Plant Growth Regulation

, Volume 34, Issue 1, pp 23–37

Towards the scientific validation of traditional medicinal plants

Authors

  • J.L.S. Taylor
    • Research Centre for Plant Growth and Development, School of Botany and ZoologyUniversity of Natal Pietermaritzburg
  • T. Rabe
    • Research Centre for Plant Growth and Development, School of Botany and ZoologyUniversity of Natal Pietermaritzburg
  • L.J. McGaw
    • Research Centre for Plant Growth and Development, School of Botany and ZoologyUniversity of Natal Pietermaritzburg
  • A.K. Jäger
    • Research Centre for Plant Growth and Development, School of Botany and ZoologyUniversity of Natal Pietermaritzburg
  • J. van Staden
Article

DOI: 10.1023/A:1013310809275

Cite this article as:
Taylor, J., Rabe, T., McGaw, L. et al. Plant Growth Regulation (2001) 34: 23. doi:10.1023/A:1013310809275

Abstract

A large proportion of the population of developing countries usestraditional medicine alone, or in combination with Western drugs to treat awide variety of ailments. There has seldom been effective collaborationbetween the traditional and Western medical practitioners, largely due tothe perception that the use of traditional and herbal medicines has noscientific basis. With the renewed interest from Western countries in herbalremedies, and the increasingly urgent need to develop new effective drugs,traditionally used medicinal plants have recently received the attention ofthe pharmaceutical and scientific communities. This involves the isolationand identification of the secondary metabolites produced by the plants andused as the active principles in medical preparations. Research into thescientific validation of southern African medicinal plants used in thetreatment of pain and inflammation, hypertension and parasitic diseasesincluding those with anthelmintic, anti-amoebic, anti-bacterial and anti-bilharzia activity, is the current focus of studies conducted at the ResearchCentre for Plant Growth and Development.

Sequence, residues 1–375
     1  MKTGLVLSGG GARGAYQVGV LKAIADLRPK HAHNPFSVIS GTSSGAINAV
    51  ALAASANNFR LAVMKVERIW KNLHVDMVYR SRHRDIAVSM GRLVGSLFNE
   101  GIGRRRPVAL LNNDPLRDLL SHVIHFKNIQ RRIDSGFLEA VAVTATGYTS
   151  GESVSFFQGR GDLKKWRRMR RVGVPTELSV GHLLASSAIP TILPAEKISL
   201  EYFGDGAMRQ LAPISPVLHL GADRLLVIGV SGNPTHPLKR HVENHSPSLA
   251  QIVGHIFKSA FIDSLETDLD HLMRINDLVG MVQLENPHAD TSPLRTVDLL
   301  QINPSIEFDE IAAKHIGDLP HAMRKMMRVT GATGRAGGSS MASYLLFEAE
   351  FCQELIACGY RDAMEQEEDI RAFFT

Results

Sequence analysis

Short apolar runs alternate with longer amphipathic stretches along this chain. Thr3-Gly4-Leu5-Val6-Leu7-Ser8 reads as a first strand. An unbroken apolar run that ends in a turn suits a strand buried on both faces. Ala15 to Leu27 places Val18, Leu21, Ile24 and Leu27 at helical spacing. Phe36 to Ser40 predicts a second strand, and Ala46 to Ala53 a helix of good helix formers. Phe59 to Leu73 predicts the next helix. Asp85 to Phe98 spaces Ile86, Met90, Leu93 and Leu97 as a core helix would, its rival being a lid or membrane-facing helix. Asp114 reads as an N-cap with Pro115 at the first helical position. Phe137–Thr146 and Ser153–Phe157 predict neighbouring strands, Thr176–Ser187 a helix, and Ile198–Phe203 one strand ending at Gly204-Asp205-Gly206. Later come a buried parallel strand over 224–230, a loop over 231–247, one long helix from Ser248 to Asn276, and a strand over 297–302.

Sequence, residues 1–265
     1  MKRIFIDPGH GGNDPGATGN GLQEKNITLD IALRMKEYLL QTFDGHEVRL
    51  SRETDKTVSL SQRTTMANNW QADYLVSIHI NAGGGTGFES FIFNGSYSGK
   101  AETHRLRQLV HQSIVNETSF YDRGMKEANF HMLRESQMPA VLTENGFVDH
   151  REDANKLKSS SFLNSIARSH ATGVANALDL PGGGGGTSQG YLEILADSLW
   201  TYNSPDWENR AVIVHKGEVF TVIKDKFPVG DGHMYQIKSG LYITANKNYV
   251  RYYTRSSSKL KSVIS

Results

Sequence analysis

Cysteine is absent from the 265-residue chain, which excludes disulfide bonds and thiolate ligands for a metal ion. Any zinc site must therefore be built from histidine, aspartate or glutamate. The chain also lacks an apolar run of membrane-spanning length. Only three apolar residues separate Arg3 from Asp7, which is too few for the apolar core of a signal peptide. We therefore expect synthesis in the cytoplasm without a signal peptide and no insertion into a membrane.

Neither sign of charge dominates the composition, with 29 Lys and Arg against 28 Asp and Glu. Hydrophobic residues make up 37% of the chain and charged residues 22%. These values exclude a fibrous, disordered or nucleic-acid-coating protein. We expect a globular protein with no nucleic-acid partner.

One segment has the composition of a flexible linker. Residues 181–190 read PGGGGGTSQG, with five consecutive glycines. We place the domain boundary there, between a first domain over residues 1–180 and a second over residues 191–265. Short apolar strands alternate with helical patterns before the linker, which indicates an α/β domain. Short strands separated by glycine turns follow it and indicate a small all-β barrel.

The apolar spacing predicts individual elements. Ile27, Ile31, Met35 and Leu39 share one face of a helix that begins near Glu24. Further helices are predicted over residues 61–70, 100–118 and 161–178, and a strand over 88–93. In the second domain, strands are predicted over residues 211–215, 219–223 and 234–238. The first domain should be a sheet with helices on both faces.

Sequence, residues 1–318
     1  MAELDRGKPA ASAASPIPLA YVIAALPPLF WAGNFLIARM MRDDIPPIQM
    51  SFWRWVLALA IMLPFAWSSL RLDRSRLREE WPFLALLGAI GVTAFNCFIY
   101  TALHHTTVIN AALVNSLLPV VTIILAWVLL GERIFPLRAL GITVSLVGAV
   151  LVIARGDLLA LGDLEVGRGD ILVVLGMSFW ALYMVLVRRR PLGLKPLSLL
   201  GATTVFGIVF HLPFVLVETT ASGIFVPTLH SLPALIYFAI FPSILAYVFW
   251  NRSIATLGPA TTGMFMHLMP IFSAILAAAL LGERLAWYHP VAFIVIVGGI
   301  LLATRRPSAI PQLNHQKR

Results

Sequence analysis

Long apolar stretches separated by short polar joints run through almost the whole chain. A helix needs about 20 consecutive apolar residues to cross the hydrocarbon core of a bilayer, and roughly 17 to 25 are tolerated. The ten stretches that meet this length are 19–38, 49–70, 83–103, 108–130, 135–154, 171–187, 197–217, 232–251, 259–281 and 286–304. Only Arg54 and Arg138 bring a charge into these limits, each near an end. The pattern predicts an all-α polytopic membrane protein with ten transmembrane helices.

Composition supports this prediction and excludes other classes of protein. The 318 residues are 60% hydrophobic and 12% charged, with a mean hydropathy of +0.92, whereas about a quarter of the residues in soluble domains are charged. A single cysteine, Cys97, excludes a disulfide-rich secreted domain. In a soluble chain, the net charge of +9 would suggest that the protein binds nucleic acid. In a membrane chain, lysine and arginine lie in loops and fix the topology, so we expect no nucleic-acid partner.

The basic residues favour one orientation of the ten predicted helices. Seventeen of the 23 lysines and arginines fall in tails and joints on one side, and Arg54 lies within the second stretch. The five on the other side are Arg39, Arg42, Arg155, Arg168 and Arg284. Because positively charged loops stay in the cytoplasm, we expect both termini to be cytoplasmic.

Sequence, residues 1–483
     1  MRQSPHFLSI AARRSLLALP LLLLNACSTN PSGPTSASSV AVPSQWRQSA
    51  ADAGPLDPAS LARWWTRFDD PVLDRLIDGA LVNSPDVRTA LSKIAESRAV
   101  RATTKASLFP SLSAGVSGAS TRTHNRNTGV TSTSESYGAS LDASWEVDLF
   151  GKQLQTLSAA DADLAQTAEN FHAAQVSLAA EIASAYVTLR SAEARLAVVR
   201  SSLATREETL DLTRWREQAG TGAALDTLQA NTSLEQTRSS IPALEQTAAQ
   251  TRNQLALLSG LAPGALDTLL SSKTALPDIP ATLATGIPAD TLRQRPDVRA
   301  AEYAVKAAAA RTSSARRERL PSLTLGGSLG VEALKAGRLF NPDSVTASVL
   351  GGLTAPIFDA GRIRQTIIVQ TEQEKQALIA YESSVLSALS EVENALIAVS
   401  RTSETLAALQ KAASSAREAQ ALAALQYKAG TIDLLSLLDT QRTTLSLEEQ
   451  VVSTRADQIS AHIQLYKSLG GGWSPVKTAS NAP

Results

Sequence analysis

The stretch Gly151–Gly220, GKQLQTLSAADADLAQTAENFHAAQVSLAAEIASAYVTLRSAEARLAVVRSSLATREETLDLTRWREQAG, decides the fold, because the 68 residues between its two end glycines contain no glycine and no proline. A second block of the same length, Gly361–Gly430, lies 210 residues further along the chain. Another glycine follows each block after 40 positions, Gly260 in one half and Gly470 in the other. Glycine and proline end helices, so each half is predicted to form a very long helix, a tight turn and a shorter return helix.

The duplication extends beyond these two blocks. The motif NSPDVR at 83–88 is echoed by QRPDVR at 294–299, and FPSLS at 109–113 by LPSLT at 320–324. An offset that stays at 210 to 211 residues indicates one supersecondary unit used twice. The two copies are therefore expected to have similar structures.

anthelminticanti-amoebicanti-bacterial and anti-bilharzia activityhypertensioninflammationmedicinal plantspharmacognosytraditional medicine

Copyright information

© Kluwer Academic Publishers 2001